- Eavesdropping and Audio Recordings – Penal Code section 632 & Family Law Proceedings
- Likely all of us have made a call and gotten voicemail. When you leave a message you are consenting to be recorded simply by leaving that voicemail message. Likely we have also made videos of family and friends doing enjoying themselves and participating in activities. This ability has been made easy by our modern technology. Why would there be a problem in a family law case using this type of technology. That all depends.
- You have a duty to advise someone that you are recording them, because if you don't advise them and try to use a video or an audio recording, it may be successfully kept out of evidence in your family law matter.
- Penal Code sections 631 and 632:
The California Legislature re-wrote some very old law (going back to 1872) concerning public policy limitations in litigation proceedings to help protect the privacy of this State’s citizens. In particular, the Legislature modernized the wiretapping statute (Penal Code section 631) and the eavesdropping and audio-recording statute (Penal Code section 632).
In Family Law matters, technology still hasn’t quite progressed to make wiretapping a widespread or common issue, so this article does not address other than the reference, above. On the other hand, small and easily-concealable ‘smart’ phones give most everyone the ability to secretly video and audio-record anyone in their vicinity, and the ability to place an unwitting and unknowing person on the other end of the line on speaker phone such that third-parties to the phone call can hear what the person on the other end of the line is saying (and, potentially, these third-parties may be called upon act as witnesses against that person on the other end of the line).
Penal Code section 632 makes certain forms of evidence inadmissible in any proceeding (including Civil Law cases, and thereby Family Law cases) where the evidence was obtained in violation of the stature. Not only is such evidence inadmissible, the author(s) and co-conspirator(s) in the gathering such evidence can be charged with a misdemeanor crime under the statute. So, the stakes can be high. Under Penal Code section 637.2, there is also a civil tort for damages against a violator of the statute held by the victim whose privacy was illegally incurred-upon.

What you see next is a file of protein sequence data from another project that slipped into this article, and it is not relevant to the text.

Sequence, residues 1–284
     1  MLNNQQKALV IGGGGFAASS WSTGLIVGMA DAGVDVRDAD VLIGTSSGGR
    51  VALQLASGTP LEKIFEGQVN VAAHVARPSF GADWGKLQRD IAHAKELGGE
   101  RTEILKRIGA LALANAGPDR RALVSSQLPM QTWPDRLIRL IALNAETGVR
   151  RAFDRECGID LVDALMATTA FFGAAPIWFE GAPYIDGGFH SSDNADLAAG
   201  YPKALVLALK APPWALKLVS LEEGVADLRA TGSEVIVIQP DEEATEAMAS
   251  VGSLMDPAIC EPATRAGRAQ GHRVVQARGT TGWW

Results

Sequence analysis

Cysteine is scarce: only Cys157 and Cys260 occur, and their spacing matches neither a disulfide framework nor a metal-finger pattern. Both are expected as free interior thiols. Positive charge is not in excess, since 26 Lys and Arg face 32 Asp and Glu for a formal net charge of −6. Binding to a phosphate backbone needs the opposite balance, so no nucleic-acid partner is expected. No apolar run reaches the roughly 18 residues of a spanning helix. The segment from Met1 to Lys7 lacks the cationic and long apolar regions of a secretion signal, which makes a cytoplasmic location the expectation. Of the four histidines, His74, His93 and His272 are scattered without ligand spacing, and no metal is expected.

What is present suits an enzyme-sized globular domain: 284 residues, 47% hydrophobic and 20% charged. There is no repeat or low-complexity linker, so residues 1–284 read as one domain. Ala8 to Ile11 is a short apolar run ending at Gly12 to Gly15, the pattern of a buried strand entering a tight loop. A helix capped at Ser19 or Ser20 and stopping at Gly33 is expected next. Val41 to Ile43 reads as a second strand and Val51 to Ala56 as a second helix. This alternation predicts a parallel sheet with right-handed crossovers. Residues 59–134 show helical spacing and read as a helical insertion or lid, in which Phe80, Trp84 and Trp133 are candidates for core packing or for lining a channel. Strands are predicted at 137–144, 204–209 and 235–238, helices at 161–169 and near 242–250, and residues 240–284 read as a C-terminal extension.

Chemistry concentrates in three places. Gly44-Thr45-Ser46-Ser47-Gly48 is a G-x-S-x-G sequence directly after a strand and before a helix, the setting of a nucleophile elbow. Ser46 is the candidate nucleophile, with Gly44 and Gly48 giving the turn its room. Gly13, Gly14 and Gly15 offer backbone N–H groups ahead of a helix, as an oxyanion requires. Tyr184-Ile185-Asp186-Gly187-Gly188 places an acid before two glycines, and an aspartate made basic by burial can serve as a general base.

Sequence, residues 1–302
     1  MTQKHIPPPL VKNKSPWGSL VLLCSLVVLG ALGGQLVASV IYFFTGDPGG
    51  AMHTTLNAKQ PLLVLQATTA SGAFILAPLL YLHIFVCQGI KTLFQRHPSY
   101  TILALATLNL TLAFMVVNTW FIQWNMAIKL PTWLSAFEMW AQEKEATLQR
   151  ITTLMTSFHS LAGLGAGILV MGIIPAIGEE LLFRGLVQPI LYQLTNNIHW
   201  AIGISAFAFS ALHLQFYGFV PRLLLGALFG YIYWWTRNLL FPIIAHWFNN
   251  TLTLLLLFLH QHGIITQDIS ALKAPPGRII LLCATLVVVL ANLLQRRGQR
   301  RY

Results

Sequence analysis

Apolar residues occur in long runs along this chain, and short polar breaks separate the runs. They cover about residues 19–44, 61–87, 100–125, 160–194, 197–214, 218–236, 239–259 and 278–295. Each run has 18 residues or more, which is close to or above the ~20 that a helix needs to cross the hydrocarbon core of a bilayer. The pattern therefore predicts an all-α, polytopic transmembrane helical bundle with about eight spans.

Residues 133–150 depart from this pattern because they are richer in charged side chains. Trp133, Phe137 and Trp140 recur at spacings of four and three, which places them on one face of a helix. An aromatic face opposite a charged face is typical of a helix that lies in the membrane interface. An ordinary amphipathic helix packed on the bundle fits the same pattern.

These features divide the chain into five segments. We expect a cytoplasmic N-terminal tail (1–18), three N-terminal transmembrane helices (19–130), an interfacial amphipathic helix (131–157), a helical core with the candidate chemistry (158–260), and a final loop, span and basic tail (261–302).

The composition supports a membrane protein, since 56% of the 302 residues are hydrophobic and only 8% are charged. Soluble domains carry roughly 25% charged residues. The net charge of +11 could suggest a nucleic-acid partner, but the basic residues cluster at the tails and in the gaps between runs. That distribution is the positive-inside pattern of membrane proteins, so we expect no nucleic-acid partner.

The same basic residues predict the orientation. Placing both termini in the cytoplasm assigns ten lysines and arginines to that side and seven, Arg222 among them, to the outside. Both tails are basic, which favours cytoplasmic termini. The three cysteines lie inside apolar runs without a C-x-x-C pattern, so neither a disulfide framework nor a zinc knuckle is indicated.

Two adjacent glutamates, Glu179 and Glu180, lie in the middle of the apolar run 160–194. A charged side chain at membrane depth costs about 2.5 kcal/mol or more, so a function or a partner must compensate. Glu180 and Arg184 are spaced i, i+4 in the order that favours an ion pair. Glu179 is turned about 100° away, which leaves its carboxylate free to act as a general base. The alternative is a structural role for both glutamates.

The elements of Penal Code section 632(a) are as follows:
- A person intentionally
- Uses an electronic amplifying or recording device
- To listen to or record
- A confidential communication via a device such as a telephone
- Without either the knowledge or concerns of a party to the communication
- Some case law has emerged concerning the interpretation and scope of these elements, inclusions, and exclusions. But the case law is thin and is still fleshing out through our trial and appellate courts in California and on the federal level. To date we have reported decisions focusing on debt collection practices (see Kuschner v. Nationwide Credit, Inc., E.D.Cal.2009, 256 F.R.D. 684), persons in the custody of law enforcement (see People v. Chandler (App. 1 Dist. 1968) 68 Cal.Rptr. 645, 262 Cal.App.2d 350), and in criminal proceedings for recordings not excepted by the statute (i.e. lawfully by law enforcement; People v. Guzman (2017) 11 Cal.App.5th 184, Cal.Rptr.3d 509 – holding that Penal Code section 632’s exclusionary rule for evidence obtained as a result of recording a confidential communication without the consent of all parties was superseded to the extent it is invoked to suppress relevant evidence in a criminal proceeding under the ‘Right to Truth–in–Evidence,’ Cal. Const. Art. 1 section 28 of the California Constitution, and therefore was unconstitutional as-applied in that case).